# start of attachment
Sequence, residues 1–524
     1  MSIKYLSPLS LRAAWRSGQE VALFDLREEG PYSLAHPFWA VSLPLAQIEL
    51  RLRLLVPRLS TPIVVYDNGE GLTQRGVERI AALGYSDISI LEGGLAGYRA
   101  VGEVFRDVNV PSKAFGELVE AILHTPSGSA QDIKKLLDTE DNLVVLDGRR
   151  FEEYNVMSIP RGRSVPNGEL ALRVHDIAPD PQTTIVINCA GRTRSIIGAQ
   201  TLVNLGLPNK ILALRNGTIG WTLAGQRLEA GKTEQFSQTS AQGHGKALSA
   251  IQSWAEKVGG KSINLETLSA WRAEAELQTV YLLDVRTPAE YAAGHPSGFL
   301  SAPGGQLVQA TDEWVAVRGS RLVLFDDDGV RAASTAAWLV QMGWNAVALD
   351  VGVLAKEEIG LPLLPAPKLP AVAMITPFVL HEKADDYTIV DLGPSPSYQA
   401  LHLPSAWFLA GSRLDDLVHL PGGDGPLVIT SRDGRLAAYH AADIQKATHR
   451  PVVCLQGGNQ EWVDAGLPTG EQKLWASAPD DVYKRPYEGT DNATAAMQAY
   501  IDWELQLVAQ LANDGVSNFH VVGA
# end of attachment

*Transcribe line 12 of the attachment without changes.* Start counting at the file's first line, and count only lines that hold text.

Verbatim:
   501  IDWELQLVAQ LANDGVSNFH VVGA